extolling His Divine Name. This is the Sikhismís professed Path, which leads
to a blissful life here. Only the omniscient God knows what happens to a soul
after death; it is not given to man to know that: So why worry? An eminent Hindu
sage Kabir Jee, whose inspirational scriptures are compiled in the Guru Granth
bfsu n bfCIaY, zrIaY n nrik invfsu] honf hY so hoeI hY, mnih n kIjY afs]
gun gfeIaY] jf qy pfeIaY prm inDfnu] kbIr jI, rfg gAuVI, pMnf 337
Desire not abode in heaven, neither fear dwelling in hell.
Whatever will be, will be, donít preoccupy your mind with hopes.
Let us sing wonderful Lordís praises.
From whom we get precious treasure (bounties). Kabir Ji, P 337
In the summer of year 1999 AD the Jesuits redefined
their Hell's concept which conforms to the five hundred yearís old concept of
Sikhism. An editorial in the prominent Italian weekly Civilta Cattolica says; ďHell does exist and is eternal, but it
is not a physical place and there is no fire. It is the condition of people who
live without God. It is not God who condemns man to hell, but it is man who
freely condemns himself to eternal damnation. Hell is a state of mind, a form of
existence of a man in which he suffers the pain of being deprived of God. A man
is condemned to eternal damnation when he prefers himself to God.Ē The Roman
Catholic Pope John Paul 2 affirmed this concept soon after.
Last Rites, Spiritual Perspective
Sikh philosophy does not subscribe to the theories and conjectures of
resurrection i.e. 'all human dead bodies buried in the graves will rise again';
nor does Sikhism believe that the burial guarantees heaven and cremation
condemns personís soul to hell. The Sikhismís fundamental belief is that no
matter how the dead body is disposed, the five elements, Air, Water, Earth, Fire
and Quintessence return to their natural states or sources. Therefore there is
no stipulation as to whether a Sikhís dead body is cremated, buried or
submerged in the water. However cremation is preferred because it is deemed more
eco-system friendly. Guru Amar Das says,
dJih iek dbIaih ieknf kuqy Kfih] ieik pfxI ivic AustIaih ieik BI iPir hsix pfih]
eyv n jfpeI ikQy jfie smfih] rfgu sorT, m: 4, pMnf 648
Some (dead) are cremated, some buried, some dogs eat.
Some are thrown in water, others placed in a well (synagogue).
Nanak, in any case (soulís) destination isnít known. Raag soredh, M.4,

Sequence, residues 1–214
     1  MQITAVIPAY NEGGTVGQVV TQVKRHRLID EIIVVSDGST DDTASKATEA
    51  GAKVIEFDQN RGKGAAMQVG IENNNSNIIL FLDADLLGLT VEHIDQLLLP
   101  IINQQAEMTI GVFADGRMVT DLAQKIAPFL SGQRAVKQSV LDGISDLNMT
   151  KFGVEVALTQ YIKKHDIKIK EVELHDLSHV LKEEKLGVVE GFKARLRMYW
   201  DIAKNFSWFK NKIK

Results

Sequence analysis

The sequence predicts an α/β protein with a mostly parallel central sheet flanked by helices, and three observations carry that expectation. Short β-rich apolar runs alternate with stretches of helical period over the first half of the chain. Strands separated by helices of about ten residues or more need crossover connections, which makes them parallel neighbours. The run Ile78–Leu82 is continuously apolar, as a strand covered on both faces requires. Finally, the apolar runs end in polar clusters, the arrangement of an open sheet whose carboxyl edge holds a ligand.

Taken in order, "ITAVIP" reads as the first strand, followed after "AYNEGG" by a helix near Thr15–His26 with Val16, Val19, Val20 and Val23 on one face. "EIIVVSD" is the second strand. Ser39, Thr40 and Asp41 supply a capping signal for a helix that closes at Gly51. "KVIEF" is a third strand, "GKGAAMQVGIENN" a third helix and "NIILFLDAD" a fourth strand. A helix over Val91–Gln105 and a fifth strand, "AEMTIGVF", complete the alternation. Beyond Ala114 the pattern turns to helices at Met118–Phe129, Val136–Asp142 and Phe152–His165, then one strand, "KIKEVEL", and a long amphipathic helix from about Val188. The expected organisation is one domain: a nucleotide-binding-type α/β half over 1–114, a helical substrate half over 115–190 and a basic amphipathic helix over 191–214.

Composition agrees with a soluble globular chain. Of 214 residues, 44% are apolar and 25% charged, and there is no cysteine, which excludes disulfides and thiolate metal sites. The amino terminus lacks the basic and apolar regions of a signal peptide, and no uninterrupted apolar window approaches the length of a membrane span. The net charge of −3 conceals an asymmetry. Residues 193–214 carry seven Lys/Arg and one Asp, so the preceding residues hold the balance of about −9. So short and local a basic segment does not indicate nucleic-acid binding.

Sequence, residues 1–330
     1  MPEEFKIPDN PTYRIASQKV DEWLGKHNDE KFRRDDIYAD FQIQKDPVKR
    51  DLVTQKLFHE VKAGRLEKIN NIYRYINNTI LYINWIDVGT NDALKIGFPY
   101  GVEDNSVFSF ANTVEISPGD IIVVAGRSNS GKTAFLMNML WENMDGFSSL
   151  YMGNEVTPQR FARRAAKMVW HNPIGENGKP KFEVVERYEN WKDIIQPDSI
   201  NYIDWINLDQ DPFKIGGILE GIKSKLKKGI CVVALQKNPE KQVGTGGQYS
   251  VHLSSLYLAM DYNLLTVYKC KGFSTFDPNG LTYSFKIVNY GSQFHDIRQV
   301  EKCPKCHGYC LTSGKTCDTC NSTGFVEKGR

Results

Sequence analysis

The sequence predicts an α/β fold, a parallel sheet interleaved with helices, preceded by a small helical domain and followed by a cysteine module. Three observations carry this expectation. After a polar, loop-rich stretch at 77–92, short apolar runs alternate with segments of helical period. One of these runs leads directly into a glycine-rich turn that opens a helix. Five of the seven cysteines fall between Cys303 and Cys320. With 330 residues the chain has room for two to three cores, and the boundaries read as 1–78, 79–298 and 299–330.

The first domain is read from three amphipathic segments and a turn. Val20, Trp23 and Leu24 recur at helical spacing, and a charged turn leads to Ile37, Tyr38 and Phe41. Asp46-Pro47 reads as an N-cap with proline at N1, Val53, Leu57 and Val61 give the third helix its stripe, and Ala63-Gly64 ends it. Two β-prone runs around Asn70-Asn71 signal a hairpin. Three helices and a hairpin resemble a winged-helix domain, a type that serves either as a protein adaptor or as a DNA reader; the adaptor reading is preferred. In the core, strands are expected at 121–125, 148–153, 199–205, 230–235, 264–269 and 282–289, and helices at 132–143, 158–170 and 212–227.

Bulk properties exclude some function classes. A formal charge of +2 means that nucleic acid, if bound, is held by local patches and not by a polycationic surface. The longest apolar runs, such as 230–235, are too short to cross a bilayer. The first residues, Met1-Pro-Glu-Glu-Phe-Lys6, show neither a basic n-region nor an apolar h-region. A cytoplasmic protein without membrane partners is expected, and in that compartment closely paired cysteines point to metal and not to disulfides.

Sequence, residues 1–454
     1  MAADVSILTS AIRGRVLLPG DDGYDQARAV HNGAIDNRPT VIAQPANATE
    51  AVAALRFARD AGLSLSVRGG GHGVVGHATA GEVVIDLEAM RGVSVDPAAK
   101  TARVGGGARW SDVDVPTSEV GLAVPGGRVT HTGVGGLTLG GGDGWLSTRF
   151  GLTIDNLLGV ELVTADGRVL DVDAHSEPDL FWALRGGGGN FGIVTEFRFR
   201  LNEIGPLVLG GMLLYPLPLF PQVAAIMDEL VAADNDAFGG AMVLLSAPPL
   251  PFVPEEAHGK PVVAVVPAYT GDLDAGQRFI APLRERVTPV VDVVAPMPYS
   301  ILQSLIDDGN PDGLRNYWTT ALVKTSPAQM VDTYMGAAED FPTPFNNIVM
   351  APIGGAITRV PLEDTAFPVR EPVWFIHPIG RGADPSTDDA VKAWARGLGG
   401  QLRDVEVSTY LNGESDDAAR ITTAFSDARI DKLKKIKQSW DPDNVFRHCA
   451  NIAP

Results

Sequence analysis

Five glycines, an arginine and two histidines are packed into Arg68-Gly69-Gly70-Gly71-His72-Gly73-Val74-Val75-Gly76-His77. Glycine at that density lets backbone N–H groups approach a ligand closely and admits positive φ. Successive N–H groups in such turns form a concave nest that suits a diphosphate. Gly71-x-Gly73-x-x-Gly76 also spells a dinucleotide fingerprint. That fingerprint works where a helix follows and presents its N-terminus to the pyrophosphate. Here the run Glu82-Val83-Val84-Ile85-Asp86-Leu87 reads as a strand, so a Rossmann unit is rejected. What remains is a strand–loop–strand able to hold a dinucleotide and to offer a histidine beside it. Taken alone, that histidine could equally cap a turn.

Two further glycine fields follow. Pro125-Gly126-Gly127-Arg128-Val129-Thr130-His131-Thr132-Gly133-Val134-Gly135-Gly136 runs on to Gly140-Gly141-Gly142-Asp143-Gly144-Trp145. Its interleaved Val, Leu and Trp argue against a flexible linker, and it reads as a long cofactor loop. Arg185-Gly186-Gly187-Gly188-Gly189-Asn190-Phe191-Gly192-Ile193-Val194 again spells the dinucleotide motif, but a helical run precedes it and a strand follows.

the peoples those who believe and/or prophesize that cremated personsí spirits
go to the hell and buried persons' souls go to heaven, and bodies will rise from
their graves on the day of resurrection, Guru Nanak refutes in a metaphor.
Although the reference is to the clay from a buried Muslimís grave that might
fall in the hands of a potter, it is applicable to all those who bury their dead
believing an assured passage of deceased personís soul to heaven and bodyís
resurrection. The Guru Sahib propounds metaphorically that if cremation of a
deceased can cause the departed soul to burn in hell, so can the clay from the
buried, decomposed body burn in a brick or potter's kiln when it is baked to
make bricks and pots. Guru sahib states,
muslmfn kI pyVy peI kuimHafr] GiV BFzy ietf kIaf jldI kry pukfr]
jil rovy bpuVI JiV JiV pvih aMigafr]
ijin krqY kfrxu kIaf so jfxY krqfru] afsf dI vfr, m: 1, pMnf 466
(If) the clay from a Muslimís grave falls in potterís hands, when he
moulds into pots and bricks and bakes, it cries out while baking.
During baking and burning it laments and cinders fly and fall.
Nanak, only the creator who created, knows (soulís final destination).
Aasa de Vaar, P. 466
Freed an eminent Muslim Holy sage inspires a man to be one with God in this life
and redeem himself because once he dies his body will definitely turn into dust.
syK PrIdu ipafry alh lgy]
qnu hosI Kfk inmfxI gor Gry] rfg afsf, PrId jI, pMnf 488
Says Sheik Freed, dear friend cultivate harmonious relationship with the
This body will turn into dust in the grave. Raag Aasa, G. G. S. Page 488
Although Omar Khayam writes from a romantic poetís
perspective in his composition, however his concept as to what happens to the
buried body is explicit. The essential message is that we all turn into dust in
Ah, make the most of what (time) we yet may spend,
Before we too into dust descend,
Dust into dust, and under dust to lie,
Sans wine, Sans song, sans singer, sans end. Omar
However the burial of the dead provides an invaluable source of research for the archeologists and anthropologists who are doing an excellent work of tracing the genesis, evolution and history of human race, nay, the life itself on this good earth of ours. They, in conjunction with their counterparts in the other scientific fields, are helping to debunk the conjectures, myths and surreal phenomena professed by the ultra orthodox religionists.
(On ancestors' behalf)
The Guru Granth Sahibís Gurbani refutes blind faith
rituals, pagan rites and dogmatic acts of charity involving donations and
offerings including feasts to the clerics or holy quacks by the survivors for
the benefit of the deceased. The Gurbani explicitly professes that such rites
and offerings are of no benefit to the deceased or the survivors, but only to
the crafty recipients who scam the offerings from the naÔve survivors. In the
just court of the omniscient God a man gets credit for only altruism and
philanthropy from oneís own honest earnings or charitable deeds performed
during his own lifetime. The Gurbani debunks superstition with metaphors and/or
ipqr n mfnY koAU, mUey isrfD krfhI]
BI bpury khu ikAu pfvih? kAUaf kUkr KfhI] gAuVI, kbIr jI, slok 45, pM: 332
No one cares for live ancestors, but descendents give ritual feast (on
How can the ancestors avail the offerings? Crows and dogs eat it. Kabir,
mohfkf Gru mohY, Gru muih ipqrI dyie] agY vsqu isafxIaY ipqrI cor kryie]
hQ dlfl ky musPI eyh kryie] nfnk agY so imlY ij Kty Gfly dyie] afsf dI vfr, pMnf
If a thief robs a house, donates (goods) to charity on ancestorís
*Stolen property is identified; he makes thieves out of his ancestors.
God cuts off hands of intermediary who brokered the deal.
Nanak, one gets reward for donations from his honest earnings. Aasa de
Vaar, Pg. 472
is if one foolishly believes that the donations from stolen property ever reach
his ancestors up there.